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By Jeremy Stafford - email@example.com
FRONT ROYAL -- Ty Helmick called it a meatball pitch: A savory high fastball trucking through the middle of the plate.
It came during the second inning of an April 18 game against James Wood. Helmick was the leadoff batter. All Helmick wanted to do was put the ball in play.
"I was just trying to get on base, get something started," Helmick said.
When he saw that meatball pitch, though, his eyes lit up.
Helmick hacked at the ball. His bat got underneath it, perhaps too much, he thought. But the blast kept soaring and soaring.
Helmick rounded first base and didn't know where the ball was. He stopped on second base on the assumption that he couldn't have pelted out anything more than a double.
He looked to his coaches. They were twirling their fingers in a circular motion. Helmick's hit had cleared the fences of Charles Hott Field.
Helmick didn't even get to see it leave the park.
The solo shot was the third of Helmick's career, and the second of his 2011 season. It was also the only run scored in a 1-0 win.
"I didn't think at the time that it was going to be a game-winning home run," Skyline pitcher Luke Pingley said. "Later on in the game, I figured out, it's the only run we're going to score."
Helmick's recently made a habit of ripping off consequential hits in crucial moments.
In a 3-2 win over Sherando on April 14, Helmick drove in the game-tying and game-winning runs with a single in the bottom of the sixth.
He had two strikes and two outs against him when he did it.
"I always talk about seniors stepping up," first-year Skyline coach Ben Taylor said. "And that's what it looks like.
"You love seeing a good kid do good things, and that's what Ty's all about."
He's also about combining steady power with high average. Last season Helmick held a .415 average and belted five doubles, a home run and 14 RBIs.
As a designated hitter, Helmick was a unanimous first team all-Northwestern District selection, and a second team all-Region II selection.
And Helmick's game-winning antics at the plate probably couldn't have come against two more fitting teams.
In their short playoff history, the Hawks have twice been knocked out of the Northwestern District tournament by the Colonels. After finally getting past James Wood in last season's tournament play-in game, Skyline immediately lost a 7-6 nail-biter to top-seeded Sherando.
Now Skyline's proven that, even with a couple of lopsided nondistrict losses against Spotswood and Kettle Run, it's entirely capable of playing with the better teams in the Northwestern District.
"We started off kind of slow, but we've played some good teams within the valley," Helmick said. "I think we're turning it on at the right time -- district play. We're playing a lot better."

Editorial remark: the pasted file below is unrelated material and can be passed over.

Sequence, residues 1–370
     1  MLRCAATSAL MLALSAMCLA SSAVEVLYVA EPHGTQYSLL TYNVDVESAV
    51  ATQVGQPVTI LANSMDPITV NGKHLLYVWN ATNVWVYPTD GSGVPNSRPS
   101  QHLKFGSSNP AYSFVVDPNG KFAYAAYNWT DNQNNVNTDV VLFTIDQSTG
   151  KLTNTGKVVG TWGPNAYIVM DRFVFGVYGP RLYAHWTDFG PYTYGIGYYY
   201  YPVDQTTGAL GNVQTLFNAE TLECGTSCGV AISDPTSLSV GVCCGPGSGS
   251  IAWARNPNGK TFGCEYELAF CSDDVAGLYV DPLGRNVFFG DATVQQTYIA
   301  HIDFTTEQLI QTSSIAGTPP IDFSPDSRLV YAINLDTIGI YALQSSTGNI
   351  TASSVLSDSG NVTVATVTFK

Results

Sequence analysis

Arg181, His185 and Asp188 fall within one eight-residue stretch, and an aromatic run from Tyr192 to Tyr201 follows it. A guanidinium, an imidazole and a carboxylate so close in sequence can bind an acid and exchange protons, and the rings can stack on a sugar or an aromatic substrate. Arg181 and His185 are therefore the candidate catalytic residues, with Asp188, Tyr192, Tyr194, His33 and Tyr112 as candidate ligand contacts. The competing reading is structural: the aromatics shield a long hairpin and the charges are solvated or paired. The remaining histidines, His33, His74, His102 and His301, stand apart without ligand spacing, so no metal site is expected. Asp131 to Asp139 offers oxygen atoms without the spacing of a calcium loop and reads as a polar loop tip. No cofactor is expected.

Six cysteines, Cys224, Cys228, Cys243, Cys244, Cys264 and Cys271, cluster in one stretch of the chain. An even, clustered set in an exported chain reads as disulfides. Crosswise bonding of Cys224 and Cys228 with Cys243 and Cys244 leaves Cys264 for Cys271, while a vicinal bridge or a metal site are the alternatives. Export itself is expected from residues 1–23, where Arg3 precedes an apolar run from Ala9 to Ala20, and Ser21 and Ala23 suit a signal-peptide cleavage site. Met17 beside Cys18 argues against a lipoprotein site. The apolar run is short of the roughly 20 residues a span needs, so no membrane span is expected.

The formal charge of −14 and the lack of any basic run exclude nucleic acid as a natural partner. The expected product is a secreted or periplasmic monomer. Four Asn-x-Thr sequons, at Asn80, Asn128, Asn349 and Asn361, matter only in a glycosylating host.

Confidence is all Skyline's really lacked these past few seasons. The talent has been there; Pingley has been there; Helmick has been there.
Only the wins have been absent.
"We knew we were a good team, we just had to play to our potential," Pingley said. "We hadn't been doing that much, but if we just play to our potential, we'll be fine."
Here's an indication of Skyline's potential this season: Pingley is batting .364 with one homer. David Thomas is batting .314. George Carter has eight RBIs. And Helmick has two doubles, two homers and seven RBIs.
But what has Helmick most impressed this season is Skyline's defense. In the win against James Wood -- a game that hinged on stout defensive play because of its lack of scoring -- Skyline committed no errors.
"It's pretty hard [to do] at the high school level, but it was a pretty good game," Helmick said of Skyline's pristine defense. "We're playing a whole lot better defense, not as many errors, and our pitching's really good this year."
Thus, the recent rise of pitcher Joe Bass -- whose complete-game shutout against the Colonels proves the Hawks aren't wholly reliant on Pingley's arm -- has also been an intriguing dynamic to Skyline's season.
"He's always been a good pitcher, but I think this year he's kind of coming into his own," Helmick said of Bass. "His fastballs are a little faster, and he has a bunch of breaking stuff and off-speed stuff."
Taylor's hope is that the Hawks' clutch play is a good indication of how Skyline will close out the second half of district play -- and when it comes time, begin postseason play.
"It's always about competing: We talk about it all the time, just keep competing no matter what," Taylor said. "We came back for a win against Kettle Run, we came back against Sherando in the bottom of the sixth, and now, holding on to a one-run lead, it just kind of shows the character of our team."